Dan Munro has a post up at Forbes: The Year In Healthcare Charts. Though they’re all worth a look, this is the one that dilated my pupils:

This is, apparently, from a year 2005 study.

What happens to Americans when they turn 55? Don’t blame Medicare. It doesn’t kick in until age 65. My guess is that at 55+, people tend to initiate health care episodes (visit doctors) more. You see evidence of that in all countries depicted. But, in the U.S. much more so than elsewhere, once you check in, more stuff is done to you or for you. More tests. More return visits. More intensive end of life care. Let’s face it, more unnecessary procedures. I call it “clinical capture.”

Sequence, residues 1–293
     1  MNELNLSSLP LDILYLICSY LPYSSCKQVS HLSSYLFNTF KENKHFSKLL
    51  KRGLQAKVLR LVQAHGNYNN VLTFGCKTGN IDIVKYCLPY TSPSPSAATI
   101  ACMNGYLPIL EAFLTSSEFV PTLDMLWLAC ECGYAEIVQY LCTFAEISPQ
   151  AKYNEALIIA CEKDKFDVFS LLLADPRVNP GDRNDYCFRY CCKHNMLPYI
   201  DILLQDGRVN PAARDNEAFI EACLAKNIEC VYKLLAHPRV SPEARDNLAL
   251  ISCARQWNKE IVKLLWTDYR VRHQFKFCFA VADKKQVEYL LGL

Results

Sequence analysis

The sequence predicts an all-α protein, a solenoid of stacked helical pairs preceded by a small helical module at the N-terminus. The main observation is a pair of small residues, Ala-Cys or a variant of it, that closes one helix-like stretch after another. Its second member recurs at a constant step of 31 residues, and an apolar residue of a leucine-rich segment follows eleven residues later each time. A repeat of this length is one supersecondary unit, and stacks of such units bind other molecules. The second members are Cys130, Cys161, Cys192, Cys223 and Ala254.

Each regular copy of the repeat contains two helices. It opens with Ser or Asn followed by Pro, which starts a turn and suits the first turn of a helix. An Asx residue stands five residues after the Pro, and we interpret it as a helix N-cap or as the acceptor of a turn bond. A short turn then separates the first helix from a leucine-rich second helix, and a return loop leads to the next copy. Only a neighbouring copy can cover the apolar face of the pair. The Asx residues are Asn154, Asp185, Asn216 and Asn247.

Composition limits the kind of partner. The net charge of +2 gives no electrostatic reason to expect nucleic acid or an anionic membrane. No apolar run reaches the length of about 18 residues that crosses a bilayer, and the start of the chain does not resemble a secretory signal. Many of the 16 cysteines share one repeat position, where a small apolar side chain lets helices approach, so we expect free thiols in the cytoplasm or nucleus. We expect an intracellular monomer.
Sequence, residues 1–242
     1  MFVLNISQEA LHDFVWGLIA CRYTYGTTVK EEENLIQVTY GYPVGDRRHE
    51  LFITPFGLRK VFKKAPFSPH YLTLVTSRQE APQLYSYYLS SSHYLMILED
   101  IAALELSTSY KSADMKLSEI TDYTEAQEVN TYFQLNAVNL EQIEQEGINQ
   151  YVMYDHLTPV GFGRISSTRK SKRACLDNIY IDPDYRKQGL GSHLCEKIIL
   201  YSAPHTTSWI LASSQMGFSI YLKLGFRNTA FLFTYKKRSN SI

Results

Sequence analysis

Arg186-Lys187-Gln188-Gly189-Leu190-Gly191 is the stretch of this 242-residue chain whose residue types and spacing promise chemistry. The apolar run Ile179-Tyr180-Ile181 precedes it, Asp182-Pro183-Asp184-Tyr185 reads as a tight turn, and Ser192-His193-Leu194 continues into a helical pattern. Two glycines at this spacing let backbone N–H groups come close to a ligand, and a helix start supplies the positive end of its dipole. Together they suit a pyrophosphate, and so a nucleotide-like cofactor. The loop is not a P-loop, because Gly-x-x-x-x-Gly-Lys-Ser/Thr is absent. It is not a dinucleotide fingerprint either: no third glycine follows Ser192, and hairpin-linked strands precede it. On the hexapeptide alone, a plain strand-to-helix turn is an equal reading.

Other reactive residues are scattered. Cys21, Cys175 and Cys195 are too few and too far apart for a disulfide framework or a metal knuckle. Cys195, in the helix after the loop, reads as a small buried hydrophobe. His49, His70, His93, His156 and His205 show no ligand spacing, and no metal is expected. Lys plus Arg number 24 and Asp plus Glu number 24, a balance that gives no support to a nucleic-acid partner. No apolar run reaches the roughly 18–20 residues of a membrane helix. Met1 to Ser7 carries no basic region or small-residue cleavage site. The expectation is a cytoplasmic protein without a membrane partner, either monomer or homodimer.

Yes, perhaps Americans are also a bit sicker by age 55 (e.g., more diabetes). But, wow, it really is hard to explain why they should cost as much more as depicted, relative to residents of other countries, at 55+ and yet nearly the same below that age. This chart really shocks me.

[Cross-posted at The Incidental Economist]

Austin Frakt

Austin Frakt is a health economist and an assistant professor at Boston University's School of Medicine and School of Public Health. He blogs at The Incidental Economist.